Entrepreneurs Keep Faith in Tight Job Market

The number of students attending universities in Cambodia has risen exponentially over the past decade, leading to a highly competitive, if not discouraging, job market for graduates.

Experts say that graduates here are often confronted with difficulties when trying to find a job and continue living with their parents after leaving university. And employers often complain that those with degrees still lack skills required in the workplace.

But that reality is beginning to change, with more students being encouraged to harness a more entrepreneurial mindset during their time at university and a range of new companies set up by former graduates now doing business.

“The idea is not to have things focused on just accounting and things like that,” said Stephen Paterson, a lecturer at the National University of Management in Phnom Penh. “It’s about nurturing a more open minded spirit.”

At NUM, student numbers are at a record high–rising to about 40,000 today from less than 1,000 in 1994. And according to Mr Paterson, students are passing through a period of transition in an atmosphere now centered around instant communication, Internet connectivity and social interaction on networking websites like Facebook and Twitter.

“Things are changing I think quite fast,” said Mr Paterson.

An example of the rise in graduates who have embraced the culture of entrepreneurship can be found at Toys & Me, a retail outlet selling toys for infants in numerous locations.

“It is the beginning of a new generation in Cambodia and we wanted to bring education to the children,” said Sok Piseth, 27, general manager of Toys & Me, who established his company in 2009 and has seen it grow fast with new boutiques opening in Battambang province last year as well as Sovanna Shopping Center in 2008.

Mr Piseth, who graduated in 2006 from the Royal University of Law and Economics, says he saw that parents who wanted to buy toys for their children had little choice in the current market. That was his entry point.

“The next generation [of students] studies a lot. They know how to plan the business quite well,” he said, acknowledging the open-mindedness of his generation of graduates.

Som Chamnan, executive manager of the Cambodian Federation of Employers & Business Associations, or CAMFEBA, said Cambodia was undergoing a transition period in which young Cambodians are starting to embrace the idea of entrepreneurship, though no data is yet available on the matter.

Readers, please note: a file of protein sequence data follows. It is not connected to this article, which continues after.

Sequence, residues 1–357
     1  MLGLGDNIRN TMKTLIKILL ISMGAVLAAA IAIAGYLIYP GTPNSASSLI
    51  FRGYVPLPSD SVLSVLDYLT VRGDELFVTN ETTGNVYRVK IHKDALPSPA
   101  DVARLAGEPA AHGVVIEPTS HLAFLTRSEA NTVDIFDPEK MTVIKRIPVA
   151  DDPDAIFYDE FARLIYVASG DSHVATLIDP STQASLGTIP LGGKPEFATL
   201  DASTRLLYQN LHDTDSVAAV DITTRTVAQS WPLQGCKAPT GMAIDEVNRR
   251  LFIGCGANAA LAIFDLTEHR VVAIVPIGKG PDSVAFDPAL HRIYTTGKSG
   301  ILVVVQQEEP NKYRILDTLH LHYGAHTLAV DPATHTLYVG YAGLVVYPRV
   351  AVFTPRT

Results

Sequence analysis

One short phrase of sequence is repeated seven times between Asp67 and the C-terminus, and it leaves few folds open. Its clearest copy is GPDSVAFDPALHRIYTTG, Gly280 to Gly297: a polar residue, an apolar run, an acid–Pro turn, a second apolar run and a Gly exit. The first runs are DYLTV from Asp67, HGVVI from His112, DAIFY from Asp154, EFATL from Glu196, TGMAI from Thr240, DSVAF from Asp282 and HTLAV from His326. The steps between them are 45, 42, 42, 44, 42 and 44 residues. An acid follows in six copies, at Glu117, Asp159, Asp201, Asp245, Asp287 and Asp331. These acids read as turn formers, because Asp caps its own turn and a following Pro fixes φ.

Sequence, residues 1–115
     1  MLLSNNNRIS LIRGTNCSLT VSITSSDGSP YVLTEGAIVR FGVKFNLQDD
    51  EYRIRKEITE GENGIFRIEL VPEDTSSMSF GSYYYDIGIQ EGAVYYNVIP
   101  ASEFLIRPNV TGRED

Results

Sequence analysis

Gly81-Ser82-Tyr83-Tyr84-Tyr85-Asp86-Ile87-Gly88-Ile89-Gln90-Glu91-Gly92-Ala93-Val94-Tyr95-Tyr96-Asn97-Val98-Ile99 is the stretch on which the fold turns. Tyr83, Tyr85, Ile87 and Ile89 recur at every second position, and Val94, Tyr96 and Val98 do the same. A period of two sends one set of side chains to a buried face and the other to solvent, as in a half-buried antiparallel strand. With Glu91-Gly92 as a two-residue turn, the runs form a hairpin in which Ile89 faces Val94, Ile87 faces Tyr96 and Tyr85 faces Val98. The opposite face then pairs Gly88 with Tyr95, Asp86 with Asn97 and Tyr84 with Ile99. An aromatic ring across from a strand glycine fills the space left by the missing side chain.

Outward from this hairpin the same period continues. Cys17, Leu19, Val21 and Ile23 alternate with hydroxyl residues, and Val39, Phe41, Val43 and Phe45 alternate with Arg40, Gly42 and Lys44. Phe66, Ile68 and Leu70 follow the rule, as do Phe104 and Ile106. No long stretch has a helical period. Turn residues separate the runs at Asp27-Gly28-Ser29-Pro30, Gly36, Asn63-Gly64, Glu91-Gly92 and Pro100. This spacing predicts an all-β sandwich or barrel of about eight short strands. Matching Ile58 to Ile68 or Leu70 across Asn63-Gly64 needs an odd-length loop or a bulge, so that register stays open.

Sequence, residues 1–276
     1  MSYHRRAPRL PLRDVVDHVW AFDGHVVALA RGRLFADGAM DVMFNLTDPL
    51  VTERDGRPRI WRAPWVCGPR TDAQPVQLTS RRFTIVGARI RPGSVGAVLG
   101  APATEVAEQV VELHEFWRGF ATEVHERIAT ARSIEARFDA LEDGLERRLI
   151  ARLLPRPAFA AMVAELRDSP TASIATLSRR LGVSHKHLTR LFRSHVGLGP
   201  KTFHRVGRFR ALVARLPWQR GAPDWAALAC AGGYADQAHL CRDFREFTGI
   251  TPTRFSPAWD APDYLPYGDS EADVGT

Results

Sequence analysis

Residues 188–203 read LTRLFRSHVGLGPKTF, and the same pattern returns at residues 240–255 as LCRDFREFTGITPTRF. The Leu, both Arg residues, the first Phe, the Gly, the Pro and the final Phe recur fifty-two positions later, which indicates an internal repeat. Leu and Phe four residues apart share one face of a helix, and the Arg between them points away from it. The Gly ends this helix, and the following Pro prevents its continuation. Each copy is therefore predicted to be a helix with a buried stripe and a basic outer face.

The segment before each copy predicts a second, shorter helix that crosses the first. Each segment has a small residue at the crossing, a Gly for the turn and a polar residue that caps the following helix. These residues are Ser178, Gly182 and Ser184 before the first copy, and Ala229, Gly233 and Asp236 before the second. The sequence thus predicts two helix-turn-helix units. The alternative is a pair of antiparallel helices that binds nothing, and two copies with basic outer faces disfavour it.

The reason, he says, is down to a widely perceived consensus that the job market is over saturated with graduates.

“They seem to understand that the job market is very tight for them. So they need to find ways to start their own business,” he said.

But universities still have a long way top go in order to integrate entrepreneurship training into their courses and financial institutions are notoriously reluctant when providing credit to students in need of some financing, he said.

Still, “in the past [students] were very much focusing on looking for a job in a company or a bank etc,” said Mr Chamnan. “This is changing.”

On Jan 23 in Phnom Penh, the McKinsey Mekong Business Plan Challenge took place, an event that debuted in 2006 and selects winners from three-member teams who are judged by a panel of international arbitrators on the quality of their business plan.

Fourteen teams of students from Cambodia, Vietnam, Thailand and Laos took part in the event, which was presided over by officials from the global management consultancy firm McKinsey & Company, US computer giant Dell, Jardine Schindler, the Hong Kong-based elevator firm, and Bank Julius Baer from Switzerland.

A team of graduate level students from Thailand won first prize for their business plan that focused on organic preservatives for fruit and vegetables.

Second prize went to a team of undergraduate students from the Foreign Trade University in Hanoi for an environmental education project called Greenie.

And in third position was a team of graduates from Cambodia and Burma for a consultancy firm focused on Open Source Technology.